According to the Association for Unmanned Vehicles International, an Arlington, Va.-based trade group, the first three years of drones’ introduction into the national air space would see $13.6 billion in economic activity and 34,000 new manufacturing jobs.
The FAA has estimated up to 10,000 drones could be airborne in the U.S. within five years.
Once the FAA green-lights their broader commercial use, drones could become commonplace over large farms.
“Absolutely, agricultural applications are at the top of the list of activities or applications that could immediately benefit from a change in the regulatory process — in part because it’s such an obvious application,” said Brian Argrow, cofounder of the Research and Engineering Center for Unmanned Vehicles at the University of Colorado. “You have large expanses of land in which you are trying to make relatively small, precision measurements, typically through some sort of photography or something. It’s much more efficient to do that from a relatively low altitude with a small, low-flying aircraft.”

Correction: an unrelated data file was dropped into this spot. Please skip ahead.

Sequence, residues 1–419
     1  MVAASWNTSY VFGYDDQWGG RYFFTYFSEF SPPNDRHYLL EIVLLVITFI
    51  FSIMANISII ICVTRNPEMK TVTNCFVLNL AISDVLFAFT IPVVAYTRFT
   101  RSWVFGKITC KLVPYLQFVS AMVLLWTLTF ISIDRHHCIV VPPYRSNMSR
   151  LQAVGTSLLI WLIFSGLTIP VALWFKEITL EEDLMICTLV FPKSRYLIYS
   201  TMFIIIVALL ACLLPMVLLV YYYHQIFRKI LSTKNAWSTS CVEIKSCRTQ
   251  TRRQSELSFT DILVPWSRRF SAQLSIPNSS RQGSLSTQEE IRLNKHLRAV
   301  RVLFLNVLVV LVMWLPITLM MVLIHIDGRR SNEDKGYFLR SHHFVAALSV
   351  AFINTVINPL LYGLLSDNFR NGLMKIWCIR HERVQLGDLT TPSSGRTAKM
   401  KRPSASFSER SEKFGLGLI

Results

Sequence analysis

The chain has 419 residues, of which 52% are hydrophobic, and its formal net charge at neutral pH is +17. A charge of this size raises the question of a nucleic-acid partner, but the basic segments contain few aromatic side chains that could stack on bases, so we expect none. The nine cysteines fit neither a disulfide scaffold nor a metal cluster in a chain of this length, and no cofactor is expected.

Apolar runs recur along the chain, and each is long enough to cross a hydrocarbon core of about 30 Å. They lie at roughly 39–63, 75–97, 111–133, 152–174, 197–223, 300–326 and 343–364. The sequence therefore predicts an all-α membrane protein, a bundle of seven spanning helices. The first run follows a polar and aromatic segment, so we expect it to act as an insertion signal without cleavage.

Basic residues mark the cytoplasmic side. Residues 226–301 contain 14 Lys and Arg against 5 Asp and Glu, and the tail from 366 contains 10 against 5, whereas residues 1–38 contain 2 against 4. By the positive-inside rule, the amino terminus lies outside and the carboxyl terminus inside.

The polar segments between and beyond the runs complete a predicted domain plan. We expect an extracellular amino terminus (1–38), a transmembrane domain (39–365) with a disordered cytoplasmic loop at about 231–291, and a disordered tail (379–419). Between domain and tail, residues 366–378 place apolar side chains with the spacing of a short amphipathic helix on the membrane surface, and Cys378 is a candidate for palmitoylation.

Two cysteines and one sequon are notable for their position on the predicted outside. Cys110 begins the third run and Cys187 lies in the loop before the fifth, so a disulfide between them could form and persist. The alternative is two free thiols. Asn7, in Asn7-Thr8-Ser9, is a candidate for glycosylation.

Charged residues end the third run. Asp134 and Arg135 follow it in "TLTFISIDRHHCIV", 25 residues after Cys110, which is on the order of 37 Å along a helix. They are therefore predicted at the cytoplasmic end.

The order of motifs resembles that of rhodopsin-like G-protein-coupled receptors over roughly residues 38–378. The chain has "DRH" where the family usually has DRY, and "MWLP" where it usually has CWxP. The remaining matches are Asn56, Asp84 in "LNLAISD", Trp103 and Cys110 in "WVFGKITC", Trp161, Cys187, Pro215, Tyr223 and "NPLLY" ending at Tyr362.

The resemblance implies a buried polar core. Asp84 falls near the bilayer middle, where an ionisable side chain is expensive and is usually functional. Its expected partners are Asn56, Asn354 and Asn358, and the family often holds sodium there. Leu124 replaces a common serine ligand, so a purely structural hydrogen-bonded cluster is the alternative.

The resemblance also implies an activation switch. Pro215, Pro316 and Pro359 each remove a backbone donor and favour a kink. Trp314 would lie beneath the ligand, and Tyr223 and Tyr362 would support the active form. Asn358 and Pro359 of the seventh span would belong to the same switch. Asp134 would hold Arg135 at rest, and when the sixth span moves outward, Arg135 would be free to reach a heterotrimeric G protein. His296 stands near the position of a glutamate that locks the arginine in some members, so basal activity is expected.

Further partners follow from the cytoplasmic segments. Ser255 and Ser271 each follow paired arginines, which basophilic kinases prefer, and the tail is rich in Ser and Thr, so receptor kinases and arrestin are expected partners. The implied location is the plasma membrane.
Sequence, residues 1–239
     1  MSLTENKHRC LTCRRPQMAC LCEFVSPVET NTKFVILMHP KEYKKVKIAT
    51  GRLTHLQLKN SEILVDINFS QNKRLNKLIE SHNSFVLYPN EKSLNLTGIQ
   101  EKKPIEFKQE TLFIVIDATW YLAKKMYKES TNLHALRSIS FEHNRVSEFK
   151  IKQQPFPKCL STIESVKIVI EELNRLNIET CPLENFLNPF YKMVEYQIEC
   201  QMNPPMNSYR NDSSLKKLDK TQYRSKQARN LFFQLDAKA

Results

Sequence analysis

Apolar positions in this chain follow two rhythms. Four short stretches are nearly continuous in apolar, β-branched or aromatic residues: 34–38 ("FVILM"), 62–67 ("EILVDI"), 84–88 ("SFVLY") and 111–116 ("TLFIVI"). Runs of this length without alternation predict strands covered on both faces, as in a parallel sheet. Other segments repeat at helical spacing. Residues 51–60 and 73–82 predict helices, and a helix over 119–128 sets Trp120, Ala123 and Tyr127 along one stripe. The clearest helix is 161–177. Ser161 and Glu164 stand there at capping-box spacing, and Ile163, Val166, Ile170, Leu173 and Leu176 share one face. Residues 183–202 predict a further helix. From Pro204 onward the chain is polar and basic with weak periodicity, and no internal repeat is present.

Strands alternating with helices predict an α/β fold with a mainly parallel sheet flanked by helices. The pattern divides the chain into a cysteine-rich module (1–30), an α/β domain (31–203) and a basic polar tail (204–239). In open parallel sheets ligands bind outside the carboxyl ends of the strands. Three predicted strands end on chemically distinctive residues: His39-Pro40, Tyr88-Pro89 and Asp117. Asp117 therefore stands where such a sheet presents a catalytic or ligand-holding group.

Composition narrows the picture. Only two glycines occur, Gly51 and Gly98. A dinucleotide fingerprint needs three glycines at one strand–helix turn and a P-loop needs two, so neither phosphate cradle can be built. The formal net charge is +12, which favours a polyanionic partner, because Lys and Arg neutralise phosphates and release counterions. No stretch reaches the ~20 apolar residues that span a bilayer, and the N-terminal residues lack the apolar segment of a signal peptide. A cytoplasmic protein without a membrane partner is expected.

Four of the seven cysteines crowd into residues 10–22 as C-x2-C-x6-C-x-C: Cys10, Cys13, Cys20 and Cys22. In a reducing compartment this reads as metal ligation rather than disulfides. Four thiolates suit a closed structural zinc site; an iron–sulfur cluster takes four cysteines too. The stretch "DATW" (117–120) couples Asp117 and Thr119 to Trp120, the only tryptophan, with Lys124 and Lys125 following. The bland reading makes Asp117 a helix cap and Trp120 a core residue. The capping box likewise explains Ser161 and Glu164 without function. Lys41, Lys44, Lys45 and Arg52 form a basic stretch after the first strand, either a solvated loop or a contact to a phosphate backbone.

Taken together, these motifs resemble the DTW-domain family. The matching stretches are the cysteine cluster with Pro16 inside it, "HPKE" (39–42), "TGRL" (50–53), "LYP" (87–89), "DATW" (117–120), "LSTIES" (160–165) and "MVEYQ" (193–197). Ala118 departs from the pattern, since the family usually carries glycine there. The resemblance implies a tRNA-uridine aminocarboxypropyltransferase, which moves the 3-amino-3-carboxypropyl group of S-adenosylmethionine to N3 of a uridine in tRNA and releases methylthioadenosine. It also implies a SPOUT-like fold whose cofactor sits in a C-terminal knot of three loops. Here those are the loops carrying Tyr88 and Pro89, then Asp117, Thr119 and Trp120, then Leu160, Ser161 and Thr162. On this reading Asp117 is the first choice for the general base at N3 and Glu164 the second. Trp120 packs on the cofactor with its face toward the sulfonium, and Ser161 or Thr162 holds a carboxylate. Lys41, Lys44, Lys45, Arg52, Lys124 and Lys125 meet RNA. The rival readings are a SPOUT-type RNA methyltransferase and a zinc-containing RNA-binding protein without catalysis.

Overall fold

Under current law, there are two ways to get FAA approval to operate an unmanned aircraft system, or UAS, as the government calls them.
One is to obtain an experimental airworthiness certificate.
The second is to secure a “certificate of waiver or authorization,” which are typically awarded to public entities such as law enforcement (the Mesa County Sheriff’s Department has one), CU and other universities, or to governmental operations such as firefighting or border patrol.